A H.O.U.S.E is made up of habitable objects that are unique, spatial and extraordinary


By Aleksandra Machowiak and Daniel Mizieliński

(Gecko Press, 2010) $39.99 

What exactly is a house? A simple dwelling with a roof and four walls? Sure, if you’re ordinary. But did you know a house can also be a nut, a suitcase, a UFO and even a giant balloon you blow up? In the new book HOUSE, authors Aleksandra Machowiak and Daniel Mizieliński seek to expand perceptions of what a house is, by introducing children to 35 of the more unusual, distinctive and quirky houses found across the globe, detailing the witty inspiration behind each. Take the ‘Suitcase House’ in China for example, which features rooms that only appear as you need them, or the ‘Nut House’, resembling a hazelnut and sitting suspended in the Canadian forest. 

Taking you on architectural journey far and wide—from Poland to Portugal, Iran to Australia—each dwelling comes complete with an array of specially designed icons, allowing you  to at a glance discover the features of the house, like does it use solar energy? Is it located in the city or a small town? Is it made of sand, timber, plastic, steel, or even fabric? Who designed it and when was it built?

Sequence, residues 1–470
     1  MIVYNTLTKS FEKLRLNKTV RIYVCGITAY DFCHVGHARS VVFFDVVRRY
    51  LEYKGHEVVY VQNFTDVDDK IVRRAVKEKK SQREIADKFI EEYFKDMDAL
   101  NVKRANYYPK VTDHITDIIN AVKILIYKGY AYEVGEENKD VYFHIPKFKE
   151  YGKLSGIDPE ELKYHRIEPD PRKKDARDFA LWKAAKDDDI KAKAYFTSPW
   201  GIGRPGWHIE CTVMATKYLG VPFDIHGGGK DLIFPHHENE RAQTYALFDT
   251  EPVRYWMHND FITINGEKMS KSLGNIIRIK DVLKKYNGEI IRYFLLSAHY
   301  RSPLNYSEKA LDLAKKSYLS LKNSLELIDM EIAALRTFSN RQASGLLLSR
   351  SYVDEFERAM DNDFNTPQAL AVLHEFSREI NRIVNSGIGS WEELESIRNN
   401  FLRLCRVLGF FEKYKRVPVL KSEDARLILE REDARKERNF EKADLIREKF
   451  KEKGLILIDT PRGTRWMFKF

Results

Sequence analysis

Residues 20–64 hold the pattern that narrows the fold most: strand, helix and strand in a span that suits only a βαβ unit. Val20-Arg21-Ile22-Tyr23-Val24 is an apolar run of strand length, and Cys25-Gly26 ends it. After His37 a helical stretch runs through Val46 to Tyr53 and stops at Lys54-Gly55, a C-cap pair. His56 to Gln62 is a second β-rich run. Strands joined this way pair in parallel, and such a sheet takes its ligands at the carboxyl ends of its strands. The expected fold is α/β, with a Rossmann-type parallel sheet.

By utilising loads of bright colors, illustrations and funky infographics, the authors make global architecture a fun, accessible and educational experience for children—and as we discovered when the book was in our office—adults too. In fact, one copy is still missing...

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